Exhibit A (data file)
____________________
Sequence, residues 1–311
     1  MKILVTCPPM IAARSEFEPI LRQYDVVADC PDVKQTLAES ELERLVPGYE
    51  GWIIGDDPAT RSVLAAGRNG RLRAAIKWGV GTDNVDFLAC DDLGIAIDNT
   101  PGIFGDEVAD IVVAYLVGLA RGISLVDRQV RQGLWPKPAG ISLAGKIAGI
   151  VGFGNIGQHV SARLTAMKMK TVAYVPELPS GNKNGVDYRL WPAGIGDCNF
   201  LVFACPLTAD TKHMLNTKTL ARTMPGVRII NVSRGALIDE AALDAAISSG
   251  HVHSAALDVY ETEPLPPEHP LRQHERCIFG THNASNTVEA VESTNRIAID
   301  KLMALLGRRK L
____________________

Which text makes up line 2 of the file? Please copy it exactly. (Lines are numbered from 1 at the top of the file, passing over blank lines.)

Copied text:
     1  MKILVTCPPM IAARSEFEPI LRQYDVVADC PDVKQTLAES ELERLVPGYE